The revelations of his past have seemingly destroyed the Surfer’s relationship with Dawn Greenwood, and he has rededicated his life to finding a new planet for the survivors of previous Galactus attacks, a task he takes on with a silver broken heart…  Your Major Spoilers review of Silver Surfer #11 awaits!

SilverSurfer11CoverSILVER SURFER #11
Writer: Dan Slott
Artist: Michael Allred
Colorist: Laura Allred
Letterer: VC’s Joe Sabino
Editor: Tom Brevoort
Publisher: Marvel Comics
Cover Price: $4.99

Previously in Silver Surfer: Having gained a companion in the form of Earthwoman Dawn Greenwood, the Silver Surfer began showing her the universe, without ever admitting to his own past nature.  When she discovered the truth,Dawn also met Galactus himself, and had her perceptions of her shiny new boyfriend shattered.  Now, the Surfer has agreed to find a new planet for billions of aliens, each of whom survived his previous work as a herald, while dealing with the loss of his most important relationship…

THE RETURN OF THE NEVER QUEEN

Our issue opens with the Never Queen (introduced in an earlier issue, a cosmic embodiment of all possibilities), sadly monologuing about the broken relationship between Norrin and Dawn, explaining that they have become trapped in a world beyond her reach, a world of NO possibilities.  Cut to the Giraud Expanse (a nice tip of the hat to French illustrator, Moebius), where the Surfer has led the survivors of planet Newhaven in search of a home.  Their latest attempt ends in failure, as a portion of the population (around 1200 beings, a fraction of the six billion survivors) finds the world inhospitable.  The Surfer attempts to bend space and time to escape marauding aliens, but is struck by their attack…

Cut to the Giraud Expanse (a nice tip of the hat to French illustrator, Moebius), where the Surfer has led the survivors of planet Newhaven in search of a home.  Their latest attempt ends in failure, as a portion of the population (around 1200 beings, a fraction of the six billion survivors) finds the world inhospitable.  The Surfer attempts to bend space and time to escape marauding aliens, but is struck by their attack…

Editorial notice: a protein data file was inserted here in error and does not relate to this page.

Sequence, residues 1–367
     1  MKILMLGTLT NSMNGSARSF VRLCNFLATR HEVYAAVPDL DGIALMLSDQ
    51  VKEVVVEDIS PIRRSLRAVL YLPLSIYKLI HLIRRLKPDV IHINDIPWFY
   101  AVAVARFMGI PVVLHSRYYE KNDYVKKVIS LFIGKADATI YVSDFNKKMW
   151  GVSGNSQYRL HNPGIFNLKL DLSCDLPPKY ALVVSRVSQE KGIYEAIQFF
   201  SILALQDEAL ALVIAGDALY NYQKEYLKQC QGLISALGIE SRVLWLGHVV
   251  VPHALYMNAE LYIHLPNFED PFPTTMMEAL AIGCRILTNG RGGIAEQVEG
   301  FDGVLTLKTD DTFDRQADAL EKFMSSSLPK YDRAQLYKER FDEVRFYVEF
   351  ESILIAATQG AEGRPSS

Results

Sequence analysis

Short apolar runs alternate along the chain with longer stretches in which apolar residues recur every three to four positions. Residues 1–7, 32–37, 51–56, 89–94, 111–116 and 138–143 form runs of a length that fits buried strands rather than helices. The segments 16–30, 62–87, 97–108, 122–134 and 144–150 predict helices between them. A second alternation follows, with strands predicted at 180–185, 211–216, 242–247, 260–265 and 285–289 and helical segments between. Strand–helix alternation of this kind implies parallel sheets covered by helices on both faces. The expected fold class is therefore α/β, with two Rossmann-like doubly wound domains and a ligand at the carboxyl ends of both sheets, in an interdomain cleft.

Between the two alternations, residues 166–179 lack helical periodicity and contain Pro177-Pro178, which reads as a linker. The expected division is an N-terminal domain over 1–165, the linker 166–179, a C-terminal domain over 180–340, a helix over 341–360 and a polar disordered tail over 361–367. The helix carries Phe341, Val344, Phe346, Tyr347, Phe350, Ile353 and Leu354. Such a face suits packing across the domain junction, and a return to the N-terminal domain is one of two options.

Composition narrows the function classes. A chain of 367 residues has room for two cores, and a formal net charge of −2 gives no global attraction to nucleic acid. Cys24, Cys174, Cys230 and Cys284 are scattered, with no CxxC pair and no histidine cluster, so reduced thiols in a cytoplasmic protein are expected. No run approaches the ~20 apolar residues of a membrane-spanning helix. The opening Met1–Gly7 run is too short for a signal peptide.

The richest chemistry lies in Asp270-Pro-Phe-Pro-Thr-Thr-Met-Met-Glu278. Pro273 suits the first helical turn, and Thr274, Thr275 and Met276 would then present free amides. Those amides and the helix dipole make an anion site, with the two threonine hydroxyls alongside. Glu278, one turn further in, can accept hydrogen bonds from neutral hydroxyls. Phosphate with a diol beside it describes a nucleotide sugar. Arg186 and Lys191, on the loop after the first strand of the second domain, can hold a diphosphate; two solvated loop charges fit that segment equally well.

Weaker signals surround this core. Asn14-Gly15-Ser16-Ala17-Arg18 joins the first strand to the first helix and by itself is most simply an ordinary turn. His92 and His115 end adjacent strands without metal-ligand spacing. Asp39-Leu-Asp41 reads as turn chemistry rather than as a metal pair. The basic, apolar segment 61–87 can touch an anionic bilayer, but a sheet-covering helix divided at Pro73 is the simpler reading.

Cut to the Giraud Expanse (a nice tip of the hat to French illustrator, Moebius), where the Surfer has led the survivors of planet Newhaven in search of a home.  Their latest attempt ends in failure, as a portion of the population (around 1200 beings, a fraction of the six billion survivors) finds the world inhospitable.  The Surfer attempts to bend space and time to escape marauding aliens, but is struck by their attack…

TRULY EPIC STUFF

Repeating the same events over and over can be difficult, but the use of the “real estate” of the comics page in this issue is jaw-dropping, with the story tracks moving from the top of the page to the bottom and back (a literal Mobius strip, mirroring the recursive nature of the story) with each iteration of the time loop giving us more background and additional characters’ perspectives (including the shocking viewpoint of Newhaven’s leader, Keen) and continuously stabbing readers in the heart with the notion that Dawn & Norrin’s courtship/friendship/whatever is truly destroyed.  Slott’s script repeats events, but doesn’t get boring or repetitious, making tiny variations in the telling that emphasize different aspects of the story, with some bits of dialogue only making sense further into the issue, ala ‘Memento.’  The revelation of what is causing Surfer’s failures is both triumphant and heart-rending, and as the issue ends, even the Never Queen isn’t sure there’s still hope of salvaging the relationship between Surfer and Dawn.  Mike Allred proves himself once again to be a genius this issue, and even as the sequences repeat, nothing in the issue ever feels stale or repetitious, and the shape and placement of the panels to tell the story is nothing short of masterfully executed throughout the issue…